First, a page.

I recently attended a presentation hosted by the Stratford Historical Society by Keith Miller, who spoke of the roughly 1000 men who served in the Civil War from Fairfield County, Connecticut. There were probably about 50 people in the audience and it was clear that many of them wanted to discuss Civil War topics with the speaker after his presentation. Nearby, I overheard a few of the questions he was asked. Surprisingly, several people were looking for resources to research their own ancestor who had served from Connecticut.
I didn’t feel like it was appropriate for me to chime in, but I’ve been meaning to blog about the wonderful Abraham Lincoln Presidential Library in Springfield Illinois and now have the perfect opportunity. I was in Springfield over the summer and literally just walked into the library after visiting the popular Lincoln museum across the street. There was a big banner hanging from the building that said something like “find your civil war ancestor.” The message was more of a temptation than an invitation, so I steered myself to the reference department and asked “how do I research someone?”
I have to say, that what transpired next was incredible impromptu research. I was looking for information on one of my mother’s relative who had served as a Confederate officer and been captured by Union soldiers. I believe he finished the war as a prisoner of war in Louisville, Kentucky. The reference librarians swarmed me with attention, pulling books from the stacks and retrieving various miscellaneous information from the archives. I spent an hour totally engrossed in fascinating material that would never have been readily available in a regular public library. “We would like to be THE source of civil war material,” shared an enthusiastic reference librarian. I was never more impressed with a library, its clear mission statement, or its staff.
Because I was only traveling through, the librarian handed me a sheet titled “Looking for your Civil War Soldier? — A Checklist.” The page included both websites and printed sources. I squirreled the page away in my writing desk, so as not to lose it. I wish that I had had it at my fingertips to share when I heard the questions about civil war reference sources the other night. The Stratford Historical Society has compiled a list of local men who served in the war, and I’m sure other historical societies have similar lists.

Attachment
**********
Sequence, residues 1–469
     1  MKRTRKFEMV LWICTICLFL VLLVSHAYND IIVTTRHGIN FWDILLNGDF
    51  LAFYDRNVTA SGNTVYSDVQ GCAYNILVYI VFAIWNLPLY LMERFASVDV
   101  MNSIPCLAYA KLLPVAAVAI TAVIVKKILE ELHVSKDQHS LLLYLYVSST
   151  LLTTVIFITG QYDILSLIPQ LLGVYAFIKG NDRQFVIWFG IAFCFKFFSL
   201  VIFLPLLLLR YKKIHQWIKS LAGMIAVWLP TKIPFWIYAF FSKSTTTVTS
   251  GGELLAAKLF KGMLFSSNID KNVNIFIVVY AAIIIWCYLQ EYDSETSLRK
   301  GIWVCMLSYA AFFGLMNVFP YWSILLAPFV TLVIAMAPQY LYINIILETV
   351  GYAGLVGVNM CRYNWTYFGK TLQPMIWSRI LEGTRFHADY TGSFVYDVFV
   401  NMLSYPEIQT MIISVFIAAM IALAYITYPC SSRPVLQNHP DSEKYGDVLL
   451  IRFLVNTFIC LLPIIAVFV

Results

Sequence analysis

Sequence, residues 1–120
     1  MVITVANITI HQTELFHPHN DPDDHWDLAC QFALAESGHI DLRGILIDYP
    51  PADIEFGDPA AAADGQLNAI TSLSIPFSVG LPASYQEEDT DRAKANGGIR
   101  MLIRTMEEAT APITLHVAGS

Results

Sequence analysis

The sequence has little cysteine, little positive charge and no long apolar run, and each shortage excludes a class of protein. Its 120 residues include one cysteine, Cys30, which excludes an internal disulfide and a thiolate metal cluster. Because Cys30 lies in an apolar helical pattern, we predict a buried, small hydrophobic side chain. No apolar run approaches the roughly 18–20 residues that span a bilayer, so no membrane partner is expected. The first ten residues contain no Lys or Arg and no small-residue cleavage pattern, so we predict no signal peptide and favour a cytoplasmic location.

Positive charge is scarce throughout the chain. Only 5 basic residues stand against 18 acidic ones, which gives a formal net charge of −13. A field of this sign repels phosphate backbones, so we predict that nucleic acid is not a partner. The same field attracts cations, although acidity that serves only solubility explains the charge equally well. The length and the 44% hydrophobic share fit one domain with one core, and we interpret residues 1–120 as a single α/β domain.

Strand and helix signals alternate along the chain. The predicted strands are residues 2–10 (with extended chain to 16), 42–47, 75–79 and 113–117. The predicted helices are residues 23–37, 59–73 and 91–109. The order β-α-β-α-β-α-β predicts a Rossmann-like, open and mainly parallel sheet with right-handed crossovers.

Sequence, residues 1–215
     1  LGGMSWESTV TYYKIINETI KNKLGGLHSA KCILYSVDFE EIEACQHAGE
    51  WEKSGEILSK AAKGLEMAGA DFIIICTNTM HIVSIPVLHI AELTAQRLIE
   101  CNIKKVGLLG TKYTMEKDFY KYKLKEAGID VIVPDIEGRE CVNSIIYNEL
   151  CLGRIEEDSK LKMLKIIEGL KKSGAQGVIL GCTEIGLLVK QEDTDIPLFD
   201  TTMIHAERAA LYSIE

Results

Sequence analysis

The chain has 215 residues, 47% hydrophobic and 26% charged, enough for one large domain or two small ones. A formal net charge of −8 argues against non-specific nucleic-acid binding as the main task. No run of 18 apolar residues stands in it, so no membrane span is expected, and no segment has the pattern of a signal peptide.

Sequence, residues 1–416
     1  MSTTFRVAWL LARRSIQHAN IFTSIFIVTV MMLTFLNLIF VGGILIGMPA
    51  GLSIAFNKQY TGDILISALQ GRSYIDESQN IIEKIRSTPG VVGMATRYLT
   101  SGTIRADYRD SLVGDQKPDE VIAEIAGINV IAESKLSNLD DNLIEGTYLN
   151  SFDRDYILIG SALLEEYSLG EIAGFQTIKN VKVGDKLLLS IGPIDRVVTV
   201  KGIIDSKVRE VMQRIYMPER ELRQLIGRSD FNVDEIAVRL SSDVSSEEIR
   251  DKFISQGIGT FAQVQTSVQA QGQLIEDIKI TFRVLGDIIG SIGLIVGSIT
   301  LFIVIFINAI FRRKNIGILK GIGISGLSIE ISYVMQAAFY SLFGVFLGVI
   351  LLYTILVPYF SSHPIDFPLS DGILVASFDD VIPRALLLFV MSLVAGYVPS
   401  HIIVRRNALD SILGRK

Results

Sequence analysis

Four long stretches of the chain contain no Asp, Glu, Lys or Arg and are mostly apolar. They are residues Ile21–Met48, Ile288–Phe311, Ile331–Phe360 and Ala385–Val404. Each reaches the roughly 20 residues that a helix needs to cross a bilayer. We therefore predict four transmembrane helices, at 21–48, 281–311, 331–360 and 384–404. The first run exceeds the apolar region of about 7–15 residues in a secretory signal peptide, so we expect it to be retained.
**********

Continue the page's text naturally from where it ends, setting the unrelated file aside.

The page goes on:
However, I wanted to share the list of sites that I received from the Lincoln library. Some of the sites below are specific to Illinois, but some are broader and I’m guessing that there may be pages or links available to information about other states. Please let me know if there are others and I’ll add to the list!
Illinois State Archives — Searchable index of Illinois Civil War soldiers.
Civil War Soldiers & Sailors System, National Park Service – Searchable index of all known Union and Confederate Civil War soldiers.
Compiled Military Service Records, National Archives – Compiled Military Service Records (CMSR).
Military Service Records, Pre WWI, National Archives – Military and pension files for pre and post WWI.
Abraham Lincoln Presidential Library Surname Search Index – Citations to biographical sketches in Illinois counties.
U.S. GenWeb Project – Civil war records in Illinois.
Commemoration of the Sesquicentennial of the American Civil War in Illinois – Month by month timeline of Civil War events.
Glad to see you finally got to the genealogy. There are national organizations for the descendants of civil war veterans that some may be interested in. If you wish, I can get a list from my daughter who is active in this area.